Unfortunately, as foretold some ten years ago, membership numbers are decreasing; Lodges are failing and merging or handing in their warrants and many Regular Meetings are simply perfunctory affairs, with the possibility of a `demonstration’/ rehearsal ceremony. A consequence of this is that reduced numbers of Lodges and members mean that fewer `appointments’ can be made (the number of Assistant Provincial Grand Masters is dependant on the number of Lodges and the number of `provincial’ collars that can be awarded depends upon the number of masons in any given Group or District). This, in turn, leads to an unseemly spectacle of brethren `crawling’ obsequiously in an attempt to secure, what they consider, a suitable appointment. The significance of this to Masonic historians ? It is not unknown for certain `documents’ to vanish from Lodge archives, especially if the subject matter is contentious. There are problems if Minutes vanish, for a Lodge has to prove continuous meeting to qualify for a 50th anniversary or centenary and this means having and showing a complete set of minutes. So, a heartfelt plea. Don’t simply trash letters or documents which may indicate a significant event in your Lodge’s history. Hopefully, you will have an archive, or somewhere to store them; perhaps someone will transfer them to CD or zip drive. It may not interest you at present, but, if your Lodge survives, there may be those who, in years to come, seek the truth about the origins and history of the Lodge. Don’t feed them an incomplete fable. Compare the effect of the DaVinci Code on Masonic history.


So, now to the nitty gritty of this piece. 


It is common, when reading Lodge histories, to find that the piece begins with a short paragraph to the effect that there were xx founders who gathered on such and such a date for the Consecration of XYZ Lodge. However, researchers really like to search for the `hidden truths’; to discover what actually went on behind the glib Consecration minutes. Seemingly, little research has been published covering those many hours; countless meetings and reams of correspondence which form the actual genesis of a Lodge. In this case, the choice of Internet Lodge is deliberate for two reasons. Firstly because of the unusual nature of the Lodge, which is an attempt to marry `new technology’ with traditional freemasonry and secondly, because the writer was involved from it’s inception and able to compare the stages to those of another Lodge which he helped found. Consequently, this is an attempt to provide a warts and all scenario of the events which led from the early meetings of those who were to become Petitioners up to the moment when Internet Lodge formally came into existence.


It is at this point that I must indicate that I have deliberately and generally  left out Ranks and Titles. These have changed over the years and, in any case, this is an attempt to record events not to glorify or denigrate individuals. Similarly, it was felt better to omit names in many cases, although the Petitioner’s minutes should provide enough detail to satisfy the curious, if they are left intact. It is also necessary, at this point, to indicate that no personal opinions are expressed – unless they are found in quotations from other petitioners. The `historian’ in the writer attempts to ensure an unbiased, but accurate explanation of a series of events. The data here, other than `personal reminiscences’, which are quoted as such, comes from original minutes and documents.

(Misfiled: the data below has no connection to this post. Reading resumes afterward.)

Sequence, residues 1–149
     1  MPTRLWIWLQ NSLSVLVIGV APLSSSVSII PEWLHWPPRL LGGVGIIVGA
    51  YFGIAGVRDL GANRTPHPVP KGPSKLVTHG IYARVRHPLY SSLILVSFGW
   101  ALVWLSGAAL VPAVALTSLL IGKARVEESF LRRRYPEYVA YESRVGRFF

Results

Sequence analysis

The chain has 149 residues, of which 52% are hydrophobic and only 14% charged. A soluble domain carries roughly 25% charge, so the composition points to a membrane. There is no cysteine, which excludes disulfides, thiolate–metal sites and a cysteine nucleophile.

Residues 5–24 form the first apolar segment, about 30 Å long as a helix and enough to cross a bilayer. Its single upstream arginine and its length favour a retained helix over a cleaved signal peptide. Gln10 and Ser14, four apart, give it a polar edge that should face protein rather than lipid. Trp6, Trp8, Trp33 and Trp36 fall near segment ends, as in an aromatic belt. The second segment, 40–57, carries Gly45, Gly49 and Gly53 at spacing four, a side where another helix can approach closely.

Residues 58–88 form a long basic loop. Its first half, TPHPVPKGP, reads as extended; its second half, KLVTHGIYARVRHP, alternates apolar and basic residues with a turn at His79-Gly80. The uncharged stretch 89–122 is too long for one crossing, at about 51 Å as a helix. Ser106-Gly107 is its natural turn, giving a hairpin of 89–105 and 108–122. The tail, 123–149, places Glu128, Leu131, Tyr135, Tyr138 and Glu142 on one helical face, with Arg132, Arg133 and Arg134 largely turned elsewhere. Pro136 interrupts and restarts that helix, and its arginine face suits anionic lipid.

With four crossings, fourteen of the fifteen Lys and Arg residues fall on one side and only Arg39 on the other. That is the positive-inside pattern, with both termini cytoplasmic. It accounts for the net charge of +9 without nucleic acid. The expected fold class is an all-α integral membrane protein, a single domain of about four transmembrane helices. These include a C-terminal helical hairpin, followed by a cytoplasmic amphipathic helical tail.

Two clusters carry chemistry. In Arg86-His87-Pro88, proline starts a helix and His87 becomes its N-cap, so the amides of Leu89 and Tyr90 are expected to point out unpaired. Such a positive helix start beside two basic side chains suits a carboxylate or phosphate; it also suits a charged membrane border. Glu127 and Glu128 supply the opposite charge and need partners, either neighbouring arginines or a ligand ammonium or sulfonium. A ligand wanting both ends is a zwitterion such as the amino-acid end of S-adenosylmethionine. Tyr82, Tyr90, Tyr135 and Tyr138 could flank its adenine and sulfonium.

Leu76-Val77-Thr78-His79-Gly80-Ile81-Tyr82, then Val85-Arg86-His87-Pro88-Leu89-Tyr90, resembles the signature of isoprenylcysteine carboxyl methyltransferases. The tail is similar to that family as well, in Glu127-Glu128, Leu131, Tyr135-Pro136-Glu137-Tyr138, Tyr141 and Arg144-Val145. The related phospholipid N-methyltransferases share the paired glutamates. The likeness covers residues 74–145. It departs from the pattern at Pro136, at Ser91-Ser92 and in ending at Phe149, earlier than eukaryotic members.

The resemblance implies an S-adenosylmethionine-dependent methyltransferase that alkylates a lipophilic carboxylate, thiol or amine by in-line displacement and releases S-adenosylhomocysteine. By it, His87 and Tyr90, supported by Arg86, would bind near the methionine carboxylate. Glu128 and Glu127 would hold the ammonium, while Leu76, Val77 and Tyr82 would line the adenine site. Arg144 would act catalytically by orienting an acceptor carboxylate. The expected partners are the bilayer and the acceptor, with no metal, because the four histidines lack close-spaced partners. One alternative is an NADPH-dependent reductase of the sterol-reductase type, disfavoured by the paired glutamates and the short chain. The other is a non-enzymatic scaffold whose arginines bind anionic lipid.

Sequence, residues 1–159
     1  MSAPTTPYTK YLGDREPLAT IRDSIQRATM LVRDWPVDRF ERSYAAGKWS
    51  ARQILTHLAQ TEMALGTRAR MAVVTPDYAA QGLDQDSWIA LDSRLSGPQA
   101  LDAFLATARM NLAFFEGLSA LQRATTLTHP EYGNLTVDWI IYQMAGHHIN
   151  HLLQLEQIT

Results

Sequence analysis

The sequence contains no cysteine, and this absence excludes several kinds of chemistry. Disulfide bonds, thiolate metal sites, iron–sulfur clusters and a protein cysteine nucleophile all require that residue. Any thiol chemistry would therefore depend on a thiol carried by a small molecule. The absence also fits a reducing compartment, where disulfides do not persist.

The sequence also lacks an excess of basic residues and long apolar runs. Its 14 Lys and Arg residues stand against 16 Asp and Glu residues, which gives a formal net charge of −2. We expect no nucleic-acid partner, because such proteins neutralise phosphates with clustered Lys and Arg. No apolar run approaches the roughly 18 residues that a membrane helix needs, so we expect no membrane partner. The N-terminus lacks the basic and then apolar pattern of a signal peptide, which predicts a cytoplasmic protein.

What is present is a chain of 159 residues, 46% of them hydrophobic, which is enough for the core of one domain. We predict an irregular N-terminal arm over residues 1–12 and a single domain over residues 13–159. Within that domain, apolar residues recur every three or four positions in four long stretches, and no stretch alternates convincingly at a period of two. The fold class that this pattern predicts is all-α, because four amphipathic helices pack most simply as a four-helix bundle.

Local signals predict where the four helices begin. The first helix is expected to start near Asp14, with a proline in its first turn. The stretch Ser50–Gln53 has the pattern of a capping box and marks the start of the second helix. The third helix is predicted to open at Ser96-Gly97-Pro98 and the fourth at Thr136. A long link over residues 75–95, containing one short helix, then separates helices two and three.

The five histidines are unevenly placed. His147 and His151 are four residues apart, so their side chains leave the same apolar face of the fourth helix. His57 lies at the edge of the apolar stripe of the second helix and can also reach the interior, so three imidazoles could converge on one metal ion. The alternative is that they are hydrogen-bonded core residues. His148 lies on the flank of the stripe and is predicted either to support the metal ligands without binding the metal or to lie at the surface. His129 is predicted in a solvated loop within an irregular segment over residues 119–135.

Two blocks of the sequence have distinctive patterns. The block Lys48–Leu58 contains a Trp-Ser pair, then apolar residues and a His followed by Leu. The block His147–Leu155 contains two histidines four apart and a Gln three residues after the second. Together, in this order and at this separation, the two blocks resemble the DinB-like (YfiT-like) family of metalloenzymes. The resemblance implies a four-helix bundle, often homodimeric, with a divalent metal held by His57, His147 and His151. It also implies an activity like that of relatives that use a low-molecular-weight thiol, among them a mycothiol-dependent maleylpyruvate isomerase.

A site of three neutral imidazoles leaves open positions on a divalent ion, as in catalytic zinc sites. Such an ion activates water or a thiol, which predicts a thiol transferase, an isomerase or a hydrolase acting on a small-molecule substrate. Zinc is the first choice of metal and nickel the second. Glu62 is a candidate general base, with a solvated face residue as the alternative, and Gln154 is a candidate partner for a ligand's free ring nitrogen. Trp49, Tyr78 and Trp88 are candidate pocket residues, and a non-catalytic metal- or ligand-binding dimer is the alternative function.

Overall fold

The birth of Internet Lodge did not go as smoothly as many think. Indeed there was significant hostility to the concept of the Lodge and many obstacles were put in our way.  Someone `on high’ at Great Queen Street picked up on a glib jocular comment that, in keeping with the `new technology’ this Lodge would be opened by members clothing themselves in their Regalia, sitting at their computers and logging-on in a form of video conference (the contemporary buzz word) to hold a formal meeting. How any rational person could take this seriously beggars belief, but objections soon became apparent. Indeed at least two of those interested in becoming founders received phone calls from `senior’ brethren `suggesting’ that continued attachment and interest in this new organisation would seriously affect their chances of future Honours. Accordingly, and much to their future chagrin, they withdrew.


It is hard to quantify how much effort was put in by Rt.W.Bro.David Law’, the Provincial Grand Master of Derbyshire, and  V.W.Bro. John Cockin the Deputy Provincial Grand Master of Oxfordshire, at the Board of General Purposes. They countered all falsehoods, corrected misconceptions and expounded the virtues of this novel concept to good effect. Without them it is doubtful that the Lodge would have come to fruition.


Similarly, enormous gratitude is due to the PGM of East Lancashire, V.W.Bro.James Dunsford Hemsley who was on a special committee at Grand Lodge and who talked directly to the M.W. Pro Grand Master, the Marquess of Northhampton, at the time and it was some of his work that allowed Internet Lodge to proceed. It was also as a result of this contact that some of early correspondence was directly with the Grand Secretary himself rather than through Province.


It should be remembered that this was a time when the internet was a tool used mainly by academics and Government Departments, exchanging research information between Universities, particularly in the non-communist countries. It was inevitable that friendships should spring up between those involved in this electronic communication system and those of similar interest groups set up `chat rooms’ or discussion groups. Inevitably, among the thousands of groups which proliferated, freemasonry became one of the interest groups and a forum called `alt.freemasonry’ became popular. It was a forum for the exchange of ideas and ideals, but was open to all. In academic fields, researchers were not overly interested in whether an information source was a `recognised’ Lodge. So long as the material was appropriate and verifiable, then that was sufficient.